Fry to take over Nov. 1 as president of Greater Baltimore Committee

3 1/2 years after joining business advocacy group, he'll replace Hutchinson

October 15, 2002|By June Arney | June Arney,SUN STAFF

Donald C. Fry, executive vice president and general counsel of the Greater Baltimore Committee, will become the group's president next month, officials said yesterday.

Fry, 47, who has worked at the GBC for 3 1/2 years, will replace Donald P. Hutchinson when Hutchinson steps down Nov. 1 to become president and chief executive of SunTrust Bank's Maryland division.

"He knows the organization inside and out," GBC Chairman Francis B. Burch Jr. said of Fry. "Over the past three years, he's become increasingly known to the business community. We are just delighted to give Don the opportunity to lead the organization. We don't think we're going to miss a beat."

Since joining the GBC in April 1999, Fry has managed its day-to-day operations and overseen economic development and community revitalization efforts focusing on the development of East Baltimore's BioPark and completion of the west-side revitalization.

He also worked on development of a management structure for the Inner Harbor after a GBC task force determined that about a half-dozen city agencies have jurisdiction, with little communication among them.

"I look forward to continuing those projects, to keeping the momentum going," Fry said. "The GBC is going to move forward as it has in the past. It's the one organization that doesn't just look at things from a naysayer side. It tries to get things done."

Initially, the plan had been to name Fry interim president, then conduct a national search. But GBC board members quickly decided that they need look no further and that a national search would be unnecessary.

"We decided that if we threw the net out, we weren't going to find a better candidate," Burch said. "If we didn't have someone that had been groomed to take over, and if we didn't have someone that had the support that Don had, it might have been a different story."

Fry will become the organization's fifth chief executive in its 47-year history. Founded in 1955, the GBC is the city's largest public policy organization. It played a significant role in the construction of the Jones Fall Expressway and the development of Charles Center and the Inner Harbor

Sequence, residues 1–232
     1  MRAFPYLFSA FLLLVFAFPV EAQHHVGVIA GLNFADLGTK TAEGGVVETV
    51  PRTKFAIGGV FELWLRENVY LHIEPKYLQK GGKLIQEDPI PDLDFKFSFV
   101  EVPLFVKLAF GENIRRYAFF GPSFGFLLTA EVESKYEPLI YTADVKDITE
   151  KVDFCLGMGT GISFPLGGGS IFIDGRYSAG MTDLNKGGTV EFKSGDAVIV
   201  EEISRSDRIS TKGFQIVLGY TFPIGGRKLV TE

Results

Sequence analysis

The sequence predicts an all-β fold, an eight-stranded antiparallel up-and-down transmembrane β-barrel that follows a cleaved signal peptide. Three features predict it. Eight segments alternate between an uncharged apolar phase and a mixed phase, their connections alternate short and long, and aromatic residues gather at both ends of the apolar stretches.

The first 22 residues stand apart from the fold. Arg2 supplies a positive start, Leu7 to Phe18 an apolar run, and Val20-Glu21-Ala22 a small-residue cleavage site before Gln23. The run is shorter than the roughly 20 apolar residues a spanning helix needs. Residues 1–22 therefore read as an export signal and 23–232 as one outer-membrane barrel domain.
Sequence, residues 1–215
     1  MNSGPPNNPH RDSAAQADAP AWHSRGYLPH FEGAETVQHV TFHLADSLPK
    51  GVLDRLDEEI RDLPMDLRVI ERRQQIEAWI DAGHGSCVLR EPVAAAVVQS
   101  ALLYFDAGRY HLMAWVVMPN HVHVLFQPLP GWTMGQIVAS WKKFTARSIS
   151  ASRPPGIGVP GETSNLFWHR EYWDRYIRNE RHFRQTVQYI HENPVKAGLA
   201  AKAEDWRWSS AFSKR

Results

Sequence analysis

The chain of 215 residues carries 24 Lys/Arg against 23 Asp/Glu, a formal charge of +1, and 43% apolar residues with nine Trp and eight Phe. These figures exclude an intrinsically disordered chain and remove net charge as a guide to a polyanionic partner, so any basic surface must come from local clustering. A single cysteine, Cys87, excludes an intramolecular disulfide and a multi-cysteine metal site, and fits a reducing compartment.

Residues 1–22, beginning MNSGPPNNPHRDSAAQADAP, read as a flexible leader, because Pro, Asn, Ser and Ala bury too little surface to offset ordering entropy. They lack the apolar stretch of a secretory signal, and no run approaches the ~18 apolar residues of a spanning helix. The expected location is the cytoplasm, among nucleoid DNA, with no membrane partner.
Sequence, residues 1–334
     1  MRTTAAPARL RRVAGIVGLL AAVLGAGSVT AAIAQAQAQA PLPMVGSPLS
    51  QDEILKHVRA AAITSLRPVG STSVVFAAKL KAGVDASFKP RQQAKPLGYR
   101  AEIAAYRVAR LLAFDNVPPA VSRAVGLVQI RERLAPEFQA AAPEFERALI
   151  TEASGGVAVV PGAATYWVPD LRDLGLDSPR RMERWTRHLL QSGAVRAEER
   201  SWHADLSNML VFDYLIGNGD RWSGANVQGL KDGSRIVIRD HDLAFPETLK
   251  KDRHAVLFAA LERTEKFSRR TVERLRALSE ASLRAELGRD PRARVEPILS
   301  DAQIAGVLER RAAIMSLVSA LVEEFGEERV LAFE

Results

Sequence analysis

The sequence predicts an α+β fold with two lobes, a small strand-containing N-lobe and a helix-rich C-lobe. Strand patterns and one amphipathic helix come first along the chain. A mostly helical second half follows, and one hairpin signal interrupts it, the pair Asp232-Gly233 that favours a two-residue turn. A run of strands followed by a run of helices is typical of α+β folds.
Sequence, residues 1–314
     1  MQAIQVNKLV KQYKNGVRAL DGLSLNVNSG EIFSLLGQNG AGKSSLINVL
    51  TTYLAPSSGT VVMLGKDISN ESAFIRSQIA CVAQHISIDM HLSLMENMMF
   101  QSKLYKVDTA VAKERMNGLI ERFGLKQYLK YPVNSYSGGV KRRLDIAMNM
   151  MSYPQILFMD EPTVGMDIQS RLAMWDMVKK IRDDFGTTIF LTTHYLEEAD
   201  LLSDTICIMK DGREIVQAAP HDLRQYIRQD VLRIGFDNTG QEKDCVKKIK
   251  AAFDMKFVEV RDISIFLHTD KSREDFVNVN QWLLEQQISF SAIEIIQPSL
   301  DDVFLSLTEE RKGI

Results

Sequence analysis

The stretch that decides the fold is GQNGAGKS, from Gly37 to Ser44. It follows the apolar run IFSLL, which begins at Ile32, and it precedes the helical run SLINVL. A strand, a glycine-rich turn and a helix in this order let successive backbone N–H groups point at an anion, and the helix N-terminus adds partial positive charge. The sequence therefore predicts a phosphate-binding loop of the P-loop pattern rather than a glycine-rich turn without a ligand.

If he had single-handedly chosen his successor, Hutchinson said, Fry would have been his top choice.

"He absolutely is the most tireless worker I've ever known," Hutchinson said. "What sets him apart is the unrestricted access he has. He has access and relationships with the legislators, the people in city hall and the people in county government. ...

"If you come in from out of state, you have to learn the political culture. You have to create artificial relationships. He may not need to learn anything about how to access government officials."

Fry represented Harford County in the Maryland House of Delegates from 1991 to 1997 and served on the House Appropriations Committee from 1993 to 1997. He served in the Maryland Senate in 1997 and 1998, representing Harford and Cecil counties. From 1980 to 1999, he was an attorney in private practice in Harford County.

"He can be and will be remarkably persuasive," Hutchinson said. "He has real relationships that go back many years."

Fry lives with his wife and son in Bel Air. He earned a bachelor of science degree in 1977 from Frostburg State College and is a 1979 graduate of the University of Baltimore School of Law.

Fry will take the GBC reins as its leadership and those of the Greater Baltimore Alliance, the region's economic development organization, and the Downtown Partnership, a group that promotes downtown, embark on a mission to work more closely.

"We got together to see if we can get a better alignment," said Burch. "Within the next few months, we want to try to come up with ways to get more out of our resources."

Burch said he hopes to have some resolution by May when he leaves his post as chairman.

Whatever form the resulting organization or organizations take, some factors are not negotiable as far as GBC officials are concerned, Burch said.

The group would need to be financially independent so that it could retain an ability to disagree with state, city and county officials, he said, and the agenda would have to remain hard-hitting.

"The business community wants to know what it's getting for every dollar invested," he said. "We're going to look at what the organizations' missions are, at how successful each of the organizations has been. You don't want to create some big amorphous organization. Maybe we could simplify the funding process."

As Fry prepares to become leader of the GBC, he acknowledged that it will take plenty of pushing and prodding of government officials to make sure the organization's plans can advance.

"It requires a lot of work on our part to drive home this agenda, to let them know that this isn't going to fade away," he said.

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